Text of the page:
Monday, 7 January 2008

Aleister Crowley

One of the most frustrating things that has occured subsequent to the publication of ITLAD has been how it has been pointedly and deliberately ignored by the UK magazine Fortean Times. I have read this magazine religiously since the late 1970's. I can reasonably argue that I am one of its longest and most faithful readers. Indeed having read Charles Fort's The Book of the Damned in 1969 I am a long-time Fortean.

When ITLAD was published in July 2006 I was sure that if no other magazine reviewed it at least my favourite one would - after all my book contains cover to cover Fortean material, all of which have been regularly featered in FT over the years. A copy was sent and my publishers heard nothing. I phoned the Review Editor and spoke to her personally. In no uncertain terms she told me that they were not interested and that they had "done Near-Death Experience to death". I tried to explain that my book was much more than a re-hash of NDE material. She again reitterated that she was not interested. My publicity guy has spoken to them recently and sent another copy. Still no interest. All very sad. And like a faithful puppy-dog I still buy the magazine every month and still enjoy it!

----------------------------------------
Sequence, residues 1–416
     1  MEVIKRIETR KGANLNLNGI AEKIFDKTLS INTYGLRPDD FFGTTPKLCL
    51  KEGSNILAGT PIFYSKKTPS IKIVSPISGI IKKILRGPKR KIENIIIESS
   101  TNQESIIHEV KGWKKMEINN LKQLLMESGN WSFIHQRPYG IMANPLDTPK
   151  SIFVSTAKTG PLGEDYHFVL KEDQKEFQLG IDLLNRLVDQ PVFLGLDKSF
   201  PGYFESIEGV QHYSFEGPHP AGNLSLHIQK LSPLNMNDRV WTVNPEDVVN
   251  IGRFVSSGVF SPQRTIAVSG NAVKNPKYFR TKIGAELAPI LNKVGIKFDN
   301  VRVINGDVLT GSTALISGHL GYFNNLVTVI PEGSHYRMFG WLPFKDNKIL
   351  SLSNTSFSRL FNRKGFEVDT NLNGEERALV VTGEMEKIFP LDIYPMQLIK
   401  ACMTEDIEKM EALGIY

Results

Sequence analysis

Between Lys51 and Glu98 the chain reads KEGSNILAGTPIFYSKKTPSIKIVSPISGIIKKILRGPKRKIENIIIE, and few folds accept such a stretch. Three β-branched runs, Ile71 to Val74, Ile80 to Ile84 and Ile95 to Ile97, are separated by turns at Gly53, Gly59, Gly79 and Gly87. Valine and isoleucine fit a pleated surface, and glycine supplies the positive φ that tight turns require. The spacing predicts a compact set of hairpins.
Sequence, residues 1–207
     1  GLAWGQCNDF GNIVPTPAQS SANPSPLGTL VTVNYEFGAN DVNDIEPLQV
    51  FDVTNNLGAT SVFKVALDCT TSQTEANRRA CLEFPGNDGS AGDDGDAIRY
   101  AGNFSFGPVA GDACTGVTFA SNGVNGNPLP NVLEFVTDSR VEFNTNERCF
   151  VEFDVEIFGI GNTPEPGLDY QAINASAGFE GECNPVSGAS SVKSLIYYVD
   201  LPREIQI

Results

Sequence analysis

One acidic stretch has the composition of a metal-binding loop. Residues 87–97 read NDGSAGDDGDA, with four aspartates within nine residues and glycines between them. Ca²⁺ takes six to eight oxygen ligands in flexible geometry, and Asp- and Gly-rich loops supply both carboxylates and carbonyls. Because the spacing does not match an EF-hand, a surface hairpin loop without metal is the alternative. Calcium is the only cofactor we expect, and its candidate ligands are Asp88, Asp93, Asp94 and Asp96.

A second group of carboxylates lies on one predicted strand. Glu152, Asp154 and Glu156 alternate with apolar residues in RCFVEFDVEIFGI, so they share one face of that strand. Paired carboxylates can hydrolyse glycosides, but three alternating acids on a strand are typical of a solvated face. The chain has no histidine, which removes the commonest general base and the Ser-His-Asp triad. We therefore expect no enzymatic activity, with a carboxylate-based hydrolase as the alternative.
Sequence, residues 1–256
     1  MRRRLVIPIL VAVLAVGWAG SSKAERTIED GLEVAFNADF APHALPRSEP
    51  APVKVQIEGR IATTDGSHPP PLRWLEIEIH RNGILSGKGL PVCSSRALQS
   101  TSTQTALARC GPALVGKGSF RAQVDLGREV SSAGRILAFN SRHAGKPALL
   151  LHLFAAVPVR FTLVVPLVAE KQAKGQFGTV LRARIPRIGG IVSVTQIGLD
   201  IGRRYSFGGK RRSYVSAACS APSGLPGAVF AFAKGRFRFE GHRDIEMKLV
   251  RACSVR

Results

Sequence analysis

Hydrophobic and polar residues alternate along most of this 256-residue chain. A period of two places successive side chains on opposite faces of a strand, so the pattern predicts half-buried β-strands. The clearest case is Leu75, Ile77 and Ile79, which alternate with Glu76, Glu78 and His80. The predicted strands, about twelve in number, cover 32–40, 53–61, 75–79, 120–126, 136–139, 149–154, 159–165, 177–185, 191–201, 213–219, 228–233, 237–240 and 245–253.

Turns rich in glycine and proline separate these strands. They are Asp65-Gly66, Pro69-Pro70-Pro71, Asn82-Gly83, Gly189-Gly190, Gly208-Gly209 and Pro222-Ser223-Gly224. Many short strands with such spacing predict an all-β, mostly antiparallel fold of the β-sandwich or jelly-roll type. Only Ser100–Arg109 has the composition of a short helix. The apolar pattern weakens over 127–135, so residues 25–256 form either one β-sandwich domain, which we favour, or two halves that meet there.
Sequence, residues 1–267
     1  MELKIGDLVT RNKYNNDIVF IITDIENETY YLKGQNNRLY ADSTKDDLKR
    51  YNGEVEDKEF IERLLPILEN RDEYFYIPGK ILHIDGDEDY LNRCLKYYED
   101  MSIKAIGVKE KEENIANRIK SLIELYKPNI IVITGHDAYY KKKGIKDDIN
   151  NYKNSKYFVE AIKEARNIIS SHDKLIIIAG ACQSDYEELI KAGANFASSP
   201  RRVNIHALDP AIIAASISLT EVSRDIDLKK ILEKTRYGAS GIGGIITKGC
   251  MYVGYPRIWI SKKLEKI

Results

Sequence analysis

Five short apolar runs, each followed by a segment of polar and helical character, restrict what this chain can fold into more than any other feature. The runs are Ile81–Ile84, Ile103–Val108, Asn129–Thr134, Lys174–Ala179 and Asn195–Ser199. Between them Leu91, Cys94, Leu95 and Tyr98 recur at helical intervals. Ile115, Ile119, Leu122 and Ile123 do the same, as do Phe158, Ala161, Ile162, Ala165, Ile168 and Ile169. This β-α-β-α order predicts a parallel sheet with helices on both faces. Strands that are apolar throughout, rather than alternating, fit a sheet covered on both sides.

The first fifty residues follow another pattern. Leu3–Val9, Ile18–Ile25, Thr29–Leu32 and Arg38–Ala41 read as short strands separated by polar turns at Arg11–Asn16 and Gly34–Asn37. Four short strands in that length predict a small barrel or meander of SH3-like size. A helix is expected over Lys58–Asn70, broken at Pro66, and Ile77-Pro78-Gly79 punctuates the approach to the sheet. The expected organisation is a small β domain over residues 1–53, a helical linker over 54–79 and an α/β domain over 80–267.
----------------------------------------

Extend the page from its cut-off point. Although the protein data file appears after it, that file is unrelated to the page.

Apologies for the above tirade - needed to get it off my chest - but there is a link with Fortean Times with regard to this posting. In this month's edition they have a series of articles 'celebrating' the 60th anniversary of the death of the notorious Aleister Crowley. I have not fully read the articles but this stimulated me to look him up in my copy of Chambers Dictionary of the Unexplained. I have been aware of Crowley and his work for around forty years but I have never gone into any detail. Imagine my surprise therefore to discover that he would have been in total agreement with regard to my Daemon-Eidolon Dyad. In 1904 his mistress, Rose Kelly, claimed to have received astral communications from the Egyptian god Horus. Crowley subsequently performed a magical ceremony and 'the god' spoke to him. This voice identified itself as a being called Aiwass. Aiwass spoke for three consecutive days and dictated Crowley's The Book of the Law. As things developed Crowley became convinced that this being was no other than his own 'higher self' communicating with him - in our terminology his Daemon.

In my next book - due out in June '08 I will be discussing the evidence for the Daemon-Eidolon Dyad. I am frustrated in some ways that I was unaware of this Crowley link. However this allows me to look into this event in more detail and maybe write an article about it.